Nvidia Shield K1 Tablet Review!

Nvidia is mostly known for their video cards but since 2013 (with the release of the Shield portable) they are also active on the Android console/handheld/tablet market. A couple of weeks ago I was looking for a tablet and I stumbled upon the Nvidia Shield Tablet K1. It was priced at €199 which seemed like a very good deal. I’ve tested the tablet for a week now and here’s what I think.

Let’s start with a very important aspect of any tablet; the screen. The Nvidia shield has an 8 inch 1080P IPS display which looks absolutely gorgeous. Everything looks really sharp and clean which makes watching videos a joy. The speakers (most of the times that’s a huge weakness on tablets because they are on the back) are great; the Shield has two front facing speakers which are loud. Under the hood we find 2 GB of ram, a Tegra K1 processor and a 16 GB SSD. 16 GB doesn’t sound like a lot but the Nvidia shield has a micro SD slot so you can easily upgrade the amount of storage you have.

The Shield fields solid in the hand and the rubberized finish makes sure that it doesn’t slip out of your hands. Another important aspect of any tablet is the battery. I’m a power user and at the end of the day my tablet was always down at around 10% battery. That isn’t too bad but if you stream a lot of games this will be considerably worst. Oh and don’t think that you’ll find a charger in the box because Nvidia decided that it wouldn’t include one with the Shield.  No idea what the reasoning behind this is but it loses points for that.

The Shield was designed with gaming in mind. It comes with a pretty clean version of Android (currently running Android 6.0) with a few extra Nvidia things thrown into the mix. One of the coolest things is the built in recording software. You can now record or stream whatever happens on the screen and it looks pretty good (see video below). The tablet is powerful enough to handle games whilst the recording software is running in the background so you don’t have to worry about that. Another big part of the Shield is the ability to stream games from your PC. The only thing you need is a solid Wifi connection and a Nvidia videocard (full requirements are listed below).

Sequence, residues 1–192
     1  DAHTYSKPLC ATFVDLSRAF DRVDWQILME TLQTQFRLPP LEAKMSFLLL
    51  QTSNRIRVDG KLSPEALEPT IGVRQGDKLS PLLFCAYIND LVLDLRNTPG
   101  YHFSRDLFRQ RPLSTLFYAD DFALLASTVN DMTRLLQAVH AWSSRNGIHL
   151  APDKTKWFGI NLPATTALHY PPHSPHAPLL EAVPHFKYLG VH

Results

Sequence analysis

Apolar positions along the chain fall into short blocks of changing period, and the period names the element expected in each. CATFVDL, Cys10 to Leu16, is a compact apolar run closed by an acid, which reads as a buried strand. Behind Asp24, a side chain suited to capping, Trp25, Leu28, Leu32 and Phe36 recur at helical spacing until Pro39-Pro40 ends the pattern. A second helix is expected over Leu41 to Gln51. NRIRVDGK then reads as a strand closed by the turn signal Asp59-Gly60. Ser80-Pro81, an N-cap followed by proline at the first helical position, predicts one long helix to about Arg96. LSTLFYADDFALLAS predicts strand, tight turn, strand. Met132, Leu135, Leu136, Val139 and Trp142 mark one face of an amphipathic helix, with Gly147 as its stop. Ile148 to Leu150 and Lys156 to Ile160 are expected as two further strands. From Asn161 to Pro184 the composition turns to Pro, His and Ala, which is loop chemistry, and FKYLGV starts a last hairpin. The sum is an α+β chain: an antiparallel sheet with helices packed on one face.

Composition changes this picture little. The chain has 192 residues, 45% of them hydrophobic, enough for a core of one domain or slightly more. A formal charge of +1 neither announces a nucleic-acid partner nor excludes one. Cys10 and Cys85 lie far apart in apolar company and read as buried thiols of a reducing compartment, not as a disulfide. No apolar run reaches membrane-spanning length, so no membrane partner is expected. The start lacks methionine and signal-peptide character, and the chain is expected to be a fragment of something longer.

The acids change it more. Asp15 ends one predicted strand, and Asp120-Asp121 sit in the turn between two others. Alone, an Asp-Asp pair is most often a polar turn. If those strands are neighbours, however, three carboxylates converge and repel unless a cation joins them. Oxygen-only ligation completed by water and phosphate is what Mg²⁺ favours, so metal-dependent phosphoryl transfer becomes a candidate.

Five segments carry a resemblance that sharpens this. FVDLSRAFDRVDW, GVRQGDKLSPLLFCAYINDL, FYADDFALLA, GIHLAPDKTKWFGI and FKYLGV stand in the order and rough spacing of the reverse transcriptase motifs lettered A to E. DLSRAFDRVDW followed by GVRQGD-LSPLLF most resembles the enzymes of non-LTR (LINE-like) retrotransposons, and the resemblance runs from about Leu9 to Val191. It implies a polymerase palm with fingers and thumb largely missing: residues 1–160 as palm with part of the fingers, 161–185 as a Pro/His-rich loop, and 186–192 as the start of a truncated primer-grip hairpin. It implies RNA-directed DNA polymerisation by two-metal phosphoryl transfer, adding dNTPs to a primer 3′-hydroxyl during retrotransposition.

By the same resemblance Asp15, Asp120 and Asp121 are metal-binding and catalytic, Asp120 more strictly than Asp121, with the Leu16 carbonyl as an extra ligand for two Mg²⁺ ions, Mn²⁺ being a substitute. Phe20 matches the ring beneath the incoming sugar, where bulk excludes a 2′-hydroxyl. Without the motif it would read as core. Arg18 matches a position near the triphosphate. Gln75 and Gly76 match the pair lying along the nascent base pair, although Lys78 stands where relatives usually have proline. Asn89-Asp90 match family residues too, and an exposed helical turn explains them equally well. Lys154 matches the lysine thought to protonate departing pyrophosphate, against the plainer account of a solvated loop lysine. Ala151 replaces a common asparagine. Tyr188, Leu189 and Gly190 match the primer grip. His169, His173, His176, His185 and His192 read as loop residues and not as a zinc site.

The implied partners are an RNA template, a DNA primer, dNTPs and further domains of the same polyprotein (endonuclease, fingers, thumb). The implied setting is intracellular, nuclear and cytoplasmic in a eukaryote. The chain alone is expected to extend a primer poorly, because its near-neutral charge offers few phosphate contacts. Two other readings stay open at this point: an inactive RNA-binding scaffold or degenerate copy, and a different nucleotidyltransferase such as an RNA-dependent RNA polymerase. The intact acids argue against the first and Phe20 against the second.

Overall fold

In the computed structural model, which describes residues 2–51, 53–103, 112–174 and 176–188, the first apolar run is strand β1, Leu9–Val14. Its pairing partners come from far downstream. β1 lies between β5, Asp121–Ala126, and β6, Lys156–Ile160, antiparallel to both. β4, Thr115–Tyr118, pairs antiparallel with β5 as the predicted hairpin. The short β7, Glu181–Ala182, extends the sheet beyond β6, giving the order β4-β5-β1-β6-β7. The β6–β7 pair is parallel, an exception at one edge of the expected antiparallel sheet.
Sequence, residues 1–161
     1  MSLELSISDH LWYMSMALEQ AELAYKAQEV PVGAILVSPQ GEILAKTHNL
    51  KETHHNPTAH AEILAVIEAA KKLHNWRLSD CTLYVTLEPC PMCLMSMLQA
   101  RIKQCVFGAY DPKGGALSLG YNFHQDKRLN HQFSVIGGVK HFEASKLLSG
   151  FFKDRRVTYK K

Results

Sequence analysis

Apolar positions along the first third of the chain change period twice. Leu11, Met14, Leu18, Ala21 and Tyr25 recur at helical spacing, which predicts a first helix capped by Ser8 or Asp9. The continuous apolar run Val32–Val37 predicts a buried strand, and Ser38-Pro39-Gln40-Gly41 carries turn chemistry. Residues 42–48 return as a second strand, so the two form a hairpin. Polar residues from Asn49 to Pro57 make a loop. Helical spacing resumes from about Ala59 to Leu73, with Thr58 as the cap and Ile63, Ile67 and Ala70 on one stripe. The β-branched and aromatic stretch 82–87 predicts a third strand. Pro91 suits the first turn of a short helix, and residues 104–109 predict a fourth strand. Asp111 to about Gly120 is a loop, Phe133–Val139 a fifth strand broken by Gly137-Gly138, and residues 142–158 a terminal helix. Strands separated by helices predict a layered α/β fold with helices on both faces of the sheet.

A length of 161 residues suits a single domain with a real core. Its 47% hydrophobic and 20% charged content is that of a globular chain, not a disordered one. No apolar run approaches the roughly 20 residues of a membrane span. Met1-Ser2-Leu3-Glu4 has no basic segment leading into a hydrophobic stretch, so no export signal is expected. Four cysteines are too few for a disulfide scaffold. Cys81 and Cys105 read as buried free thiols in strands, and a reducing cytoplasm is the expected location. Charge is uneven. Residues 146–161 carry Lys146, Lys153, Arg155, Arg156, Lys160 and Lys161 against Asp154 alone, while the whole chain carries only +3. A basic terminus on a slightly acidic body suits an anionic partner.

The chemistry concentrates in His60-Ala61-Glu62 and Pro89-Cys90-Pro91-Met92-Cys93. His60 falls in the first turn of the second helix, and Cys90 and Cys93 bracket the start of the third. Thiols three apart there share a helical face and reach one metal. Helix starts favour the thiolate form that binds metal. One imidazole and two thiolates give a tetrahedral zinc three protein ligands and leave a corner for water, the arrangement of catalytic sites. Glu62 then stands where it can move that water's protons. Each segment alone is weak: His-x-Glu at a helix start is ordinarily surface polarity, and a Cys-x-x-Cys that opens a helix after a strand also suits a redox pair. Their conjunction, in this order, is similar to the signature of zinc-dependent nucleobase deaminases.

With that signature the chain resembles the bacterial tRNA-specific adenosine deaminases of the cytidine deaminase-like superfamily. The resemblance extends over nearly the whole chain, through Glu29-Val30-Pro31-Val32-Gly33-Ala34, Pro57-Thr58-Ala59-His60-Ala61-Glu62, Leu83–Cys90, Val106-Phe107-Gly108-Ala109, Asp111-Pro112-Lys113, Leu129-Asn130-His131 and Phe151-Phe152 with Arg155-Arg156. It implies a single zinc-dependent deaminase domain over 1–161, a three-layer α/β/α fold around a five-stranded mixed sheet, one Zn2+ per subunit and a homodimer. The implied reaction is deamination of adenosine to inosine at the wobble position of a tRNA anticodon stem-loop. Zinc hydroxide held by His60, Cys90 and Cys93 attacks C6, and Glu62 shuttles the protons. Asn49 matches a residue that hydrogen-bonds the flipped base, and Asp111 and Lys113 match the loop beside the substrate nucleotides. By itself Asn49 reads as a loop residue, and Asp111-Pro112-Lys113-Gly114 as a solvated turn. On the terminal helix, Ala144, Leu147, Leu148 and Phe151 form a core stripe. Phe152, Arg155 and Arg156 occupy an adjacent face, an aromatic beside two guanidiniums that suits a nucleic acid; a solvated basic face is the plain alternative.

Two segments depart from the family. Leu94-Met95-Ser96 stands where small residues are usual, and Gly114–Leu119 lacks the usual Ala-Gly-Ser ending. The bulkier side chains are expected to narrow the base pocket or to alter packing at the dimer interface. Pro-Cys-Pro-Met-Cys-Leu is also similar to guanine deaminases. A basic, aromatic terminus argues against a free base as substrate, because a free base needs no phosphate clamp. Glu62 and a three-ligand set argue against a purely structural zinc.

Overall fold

Naamloos

You can test this service for free for three months but after that you need to pay 8$ a month for the service. I personally  don’t want to pay that much to stream games that I already own on a device that won’t run the games as smoothly as my computer. Another problem with playing ‘real’ games (not mobile games) is the lack of a controller. Nvidia does provide a special shield controller but that will set you back another €60. Another option is a PS3 controller but I haven’t tested that yet because I still need a connector so that I can connect it to the Shield.

Like I said before, watching videos is a joy on the Shield but you can also take videos and pictures with your Shield. On the back it has a 5 MP camera which takes OK pictures (see below). You can also record 1080P video and even slow motion video. On the front you’ll find a 5 MP HDR camera which is better than the one on the back and therefore it is perfect for Skype calls (or to take an insane amount of selfies if that is your thing).

A picture taking with the back facing camera.

A picture taking with the back facing camera.

Conclusion:

The Nvidia Shield is a very nice tablet for the price. The screen is beautiful and it packs enough of a punch to handle all of your tasks. The focus on gaming is nice but it’s a shame that the Shield controller isn’t bundled with the tablet. If you’re a looking for a cheap but quality tablet then look no further; the Nvidia Shield is great value for money.

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